Having held marketing roles for the better part of my life, I can certainly appreciate a good campaign. I appreciate it even more when I buy into it knowing it’s a ploy for more of my business. This past weekend I discovered what may be one of the best product marketing tactics I’ve ever been sucked into and believe it or not, it was for AT&T. Continue reading
For the past five years I’ve participated in Black Friday in one form or another. Typically I don’t spend money on the doorbusters like TV’s or computers but I usually go with friends who do. We go to have a great time staying out all night, meeting new people in line, and talking about last year’s antics. We’ll set up chairs, bring blankets (It’s usually cold that night despite being in Florida), stream Netflix from an iPad, and discuss our strategy (if that’s what you can call it) extensively. The point is, we have a good time together and we’re usually not in a rush for anything particular. Unfortunately, this year the big box stores have pushed store openings back so far into Thursday that an enjoyable Thanksgiving dinner with family has been replaced with a mad dash to the store for most American’s – the buyers and the employees who work for the sellers. Walmart opens at 8pm, Target at 9pm, and Best Buy at midnight. Continue reading
A number of people have asked me to expand on a subject I wrote about in my piece “7 Things I Learned from Failing That You Can Avoid” regarding startup founder equity split. It’s important for me to address this correctly because it is such a sensitive issue depending on your role at a pre-money startup. For reference, here’s what I wrote:
When it does come time to put something down on paper for equity share (you had better at least have an MVP), split it even. It was my idea, it was my money being spent, it was my contacts, it was my experience, it was my design and marketing, and it was my team. Despite all of that, I couldn’t have built the product without my cofounders.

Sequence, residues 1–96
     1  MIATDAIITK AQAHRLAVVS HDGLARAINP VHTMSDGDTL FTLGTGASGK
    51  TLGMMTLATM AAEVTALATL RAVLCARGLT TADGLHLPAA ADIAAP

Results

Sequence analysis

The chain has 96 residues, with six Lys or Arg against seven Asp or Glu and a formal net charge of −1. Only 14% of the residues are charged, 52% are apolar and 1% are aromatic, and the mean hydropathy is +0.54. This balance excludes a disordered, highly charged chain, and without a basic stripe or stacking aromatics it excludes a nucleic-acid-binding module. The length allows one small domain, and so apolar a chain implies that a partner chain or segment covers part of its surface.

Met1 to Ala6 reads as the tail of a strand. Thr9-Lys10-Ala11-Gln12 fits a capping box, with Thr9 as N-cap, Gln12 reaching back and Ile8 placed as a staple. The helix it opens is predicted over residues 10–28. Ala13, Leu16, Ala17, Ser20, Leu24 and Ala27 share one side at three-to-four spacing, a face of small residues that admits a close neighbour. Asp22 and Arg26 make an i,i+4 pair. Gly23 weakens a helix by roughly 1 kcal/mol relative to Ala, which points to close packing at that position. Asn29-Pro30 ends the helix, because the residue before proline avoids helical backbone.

Unfortunately, I spent too much time justifying my contributions and not enough time considering how that affected my team. Assuming you’ve built your team right, you each share a significant amount of responsibility and complement one another’s skills. If you’re pre-money, look at the people around you and ask yourself if you can get to where you need to be without them. If you can’t, split the unicorns and rainbows evenly. Continue reading
Below is a picture of me late Tuesday evening. I’m elbow-deep in grease replacing the alternator in my Mustang. I’ll spare you and just go ahead and skip over all the crap and get right to the meat and potatoes – the reason why I’ve been itching to write this piece for some time.
Like most marketers faced with a sometimes overly conservative management, I too had to find a way to pull out every stop to sell the value of content marketing and prove my case for implementing it. This meant I had to get my hands dirty with our website’s analytics and show them why we weren’t doing a good enough job getting visitors to our website and keeping them there; that lack of regular content and a fluid way of delivering it were contributing to the problem. So, if you know you need to get your management team on board but you haven’t yet figured out how, here’s what I did and 5 selling points I used to win over the “suits”. Before we begin, remember to keep it simple and have real data to support your recommendations, keep marketing lingo off to the side.
I traveled to Las Vegas recently for business and observed a few things fledgling startups can learn from sin city I want to share. If you’re working on a startup it’s no doubt you’ve been faced with tremendous obstacles that at first seem nearly impossible to overcome; and if you haven’t yet you’re in for a wild ride. More often than not it’s the marketing aspect of launching an online business that most entrepreneurs can never effectively execute; here are three things you or the dude who does marketing on your team can do to bring a killer product to market.
This week I finally wrote a piece I’ve been struggling with for some time. I intended to post it to this blog but felt the message would be more valuable to a broader audience. On Monday I submitted it to The Next Web and they posted it to their Entrepreneur topic board. Be sure to check it out when you get a chance.
Have a question? Disagree? Want to exchange pleasentries? Leave a comment below. As always, you can reach me on Twitter @joshuahays or by emailing me at firstname.lastname@example.org